“There are wants and needs to get this thing going, and right now we’re going after the needs,” he says.
Drag racing fits into Grana’s ultimate vision for the 1,100-plus acre site of adding a wider array of motorsports to the facility.
“For us, it’s a matter of having more racing, and introducing more people to the raceway. We’re a purpose-built motorsports facility and virtually anything that we can do that’s motorsports-driven that works, we’d like to do here. That includes if the right people came along and we wanted to do offroad or desert tours. In this case, it’s drag racing. We have a bunch of unused land here. We know the road course side really well, and the way I see, the more people that come through here, it makes the racetrack the more successful. And in turn, that makes all aspects of the facility grow.”
Throughout the process, Grana has grown his knowledge of drag racing, and he remains open to any and all opportunities his runway can afford to racers, be it racing or club events, private testing, filming, or other uses. And behind that is his mission to provide those racing on the streets a safe alternative.
“We’ve all seen what racing on a city street ends up at; it’s either jails or hospitals at the end of the day, and we’re pretty big on safety. None of us are doing this to get rich. We aren’t doing this as a profession…everyone has a day job. And so we cater to the hobbyist, sportsman, club-type racing. Lee and Mary are talking about running ‘cash days’ and those types of things, and since the little sneak peaks have gotten out, we’ve already been approached by people in other states to come test,” Grana explains.
“We’re a rental facility, so if a club wants to come in, we’ll put together a day where they can come out in a controlled environment and they’ll be able to let their cars eat,” Grana says. “All the way up to the guys that want to test-and-tune to race for money. Previously, we’ve always used our runway prior for magazine testing and such. With Mary and Lee having a passion for the racing side of things, that’s where we’re kind of dipping our toe in the water. Anything is possible. Where it ends up, who knows. The right people in the right circumstances and the stars align, we’ll do anything that makes sense. But we walk before we run.”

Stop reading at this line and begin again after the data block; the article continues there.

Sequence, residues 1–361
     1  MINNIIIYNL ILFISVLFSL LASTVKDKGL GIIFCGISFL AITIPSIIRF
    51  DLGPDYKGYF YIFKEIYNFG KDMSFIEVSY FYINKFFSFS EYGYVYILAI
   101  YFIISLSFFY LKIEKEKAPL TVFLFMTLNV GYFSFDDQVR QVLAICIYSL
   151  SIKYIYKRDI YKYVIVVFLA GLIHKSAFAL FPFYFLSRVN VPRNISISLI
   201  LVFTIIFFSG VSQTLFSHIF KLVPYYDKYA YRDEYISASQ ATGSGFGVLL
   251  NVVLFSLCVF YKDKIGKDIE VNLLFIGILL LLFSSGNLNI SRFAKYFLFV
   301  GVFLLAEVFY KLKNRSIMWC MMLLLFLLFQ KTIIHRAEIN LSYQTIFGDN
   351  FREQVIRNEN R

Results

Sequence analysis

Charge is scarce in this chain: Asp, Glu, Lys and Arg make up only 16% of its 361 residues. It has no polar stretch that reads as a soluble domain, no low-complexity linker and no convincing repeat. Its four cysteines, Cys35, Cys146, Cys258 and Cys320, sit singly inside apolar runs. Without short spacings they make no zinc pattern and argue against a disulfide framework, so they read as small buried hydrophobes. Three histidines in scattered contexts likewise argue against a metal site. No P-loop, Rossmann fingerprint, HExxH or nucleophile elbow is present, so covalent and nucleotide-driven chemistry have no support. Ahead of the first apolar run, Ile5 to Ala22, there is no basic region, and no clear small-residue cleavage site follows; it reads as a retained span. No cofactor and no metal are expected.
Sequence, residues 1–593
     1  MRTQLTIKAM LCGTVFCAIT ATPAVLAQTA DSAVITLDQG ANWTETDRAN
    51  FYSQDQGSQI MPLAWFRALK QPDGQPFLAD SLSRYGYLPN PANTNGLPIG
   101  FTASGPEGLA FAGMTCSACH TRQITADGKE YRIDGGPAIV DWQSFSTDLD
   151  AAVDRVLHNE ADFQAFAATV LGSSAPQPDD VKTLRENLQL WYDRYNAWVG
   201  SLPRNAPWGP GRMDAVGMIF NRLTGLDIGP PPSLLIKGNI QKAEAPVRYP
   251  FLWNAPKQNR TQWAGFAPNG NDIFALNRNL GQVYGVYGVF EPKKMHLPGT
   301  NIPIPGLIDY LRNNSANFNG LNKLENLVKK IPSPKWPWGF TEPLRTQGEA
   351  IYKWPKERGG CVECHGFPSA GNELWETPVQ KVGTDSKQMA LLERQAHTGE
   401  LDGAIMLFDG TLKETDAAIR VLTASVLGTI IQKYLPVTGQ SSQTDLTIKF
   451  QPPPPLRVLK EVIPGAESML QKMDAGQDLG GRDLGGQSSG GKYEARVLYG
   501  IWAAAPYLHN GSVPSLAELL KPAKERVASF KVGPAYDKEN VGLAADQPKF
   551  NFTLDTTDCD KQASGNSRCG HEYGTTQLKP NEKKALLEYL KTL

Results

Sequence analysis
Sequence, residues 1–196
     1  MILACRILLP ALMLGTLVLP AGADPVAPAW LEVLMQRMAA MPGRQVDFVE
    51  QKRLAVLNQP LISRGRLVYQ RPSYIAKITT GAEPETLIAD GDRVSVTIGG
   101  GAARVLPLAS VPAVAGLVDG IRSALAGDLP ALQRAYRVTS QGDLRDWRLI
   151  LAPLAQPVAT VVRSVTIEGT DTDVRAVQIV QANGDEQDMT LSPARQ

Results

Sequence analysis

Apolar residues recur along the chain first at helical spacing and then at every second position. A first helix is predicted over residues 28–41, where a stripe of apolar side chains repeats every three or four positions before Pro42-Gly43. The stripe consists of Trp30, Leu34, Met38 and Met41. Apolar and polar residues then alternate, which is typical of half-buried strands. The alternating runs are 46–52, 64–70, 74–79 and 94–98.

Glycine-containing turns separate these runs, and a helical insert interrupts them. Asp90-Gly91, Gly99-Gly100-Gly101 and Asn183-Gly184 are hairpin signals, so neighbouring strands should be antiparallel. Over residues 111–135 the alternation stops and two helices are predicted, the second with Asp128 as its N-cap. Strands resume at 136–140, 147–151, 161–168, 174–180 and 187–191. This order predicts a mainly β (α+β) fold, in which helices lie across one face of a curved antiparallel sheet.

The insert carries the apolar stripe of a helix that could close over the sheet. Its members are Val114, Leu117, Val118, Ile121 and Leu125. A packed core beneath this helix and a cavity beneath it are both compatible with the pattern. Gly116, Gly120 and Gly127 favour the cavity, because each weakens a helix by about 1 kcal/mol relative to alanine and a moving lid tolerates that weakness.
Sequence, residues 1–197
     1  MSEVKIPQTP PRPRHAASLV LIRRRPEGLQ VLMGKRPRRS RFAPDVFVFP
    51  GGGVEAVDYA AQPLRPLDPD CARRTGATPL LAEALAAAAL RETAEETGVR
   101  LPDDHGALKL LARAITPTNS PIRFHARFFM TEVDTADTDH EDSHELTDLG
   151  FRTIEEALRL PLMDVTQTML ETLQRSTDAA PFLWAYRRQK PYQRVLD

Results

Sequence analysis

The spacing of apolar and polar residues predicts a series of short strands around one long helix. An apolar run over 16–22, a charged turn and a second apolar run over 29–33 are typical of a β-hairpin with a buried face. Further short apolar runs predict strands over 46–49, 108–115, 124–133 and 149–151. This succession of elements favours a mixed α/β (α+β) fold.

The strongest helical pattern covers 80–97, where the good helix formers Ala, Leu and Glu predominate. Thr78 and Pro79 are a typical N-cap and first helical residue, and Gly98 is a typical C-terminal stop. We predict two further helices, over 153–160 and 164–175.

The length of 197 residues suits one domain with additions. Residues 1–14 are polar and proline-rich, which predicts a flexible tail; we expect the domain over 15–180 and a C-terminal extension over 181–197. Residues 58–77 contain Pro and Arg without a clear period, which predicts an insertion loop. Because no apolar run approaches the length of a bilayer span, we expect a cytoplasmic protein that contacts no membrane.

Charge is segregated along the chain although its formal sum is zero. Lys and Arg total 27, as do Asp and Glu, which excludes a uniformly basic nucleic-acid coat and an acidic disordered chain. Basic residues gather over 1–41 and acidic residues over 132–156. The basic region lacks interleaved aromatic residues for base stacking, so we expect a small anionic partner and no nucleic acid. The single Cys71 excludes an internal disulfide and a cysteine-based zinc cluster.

California, the most populous state in the union by a wide margin, has seen the demise of countless drag strips throughout the sport’s history. Time and again, cities have encroached upon racetracks, and either government pressure, the mere value of the land for residential and commercial use, or a mixture of both has wiped them clean off the map. As a result, the most densely-populated area in the country is home to less than a handful of legitimate drag racing facilities, causing an uptick in illegal street racing.
And that’s where Grana and the Baltzell’s have the upper hand. Chuckwalla is located 180 miles from Los Angeles city center, but its position is so remote that its nearest neighbor is more than a mile away, and the possibility of residential encroachment is improbable, at best.
“It will be a long time before that happens. There’s a lot of solar energy production scheduled to go in out here, and solar generally doesn’t lend itself to people wanting to move in. But we’ve already met our requirements to the county to be a motorsports facility, and we passed the test of time with the noise that we produce.”
West Coast Street Outlaws racing is expected to begun in early 2020, but no event dates have been finalized at this time.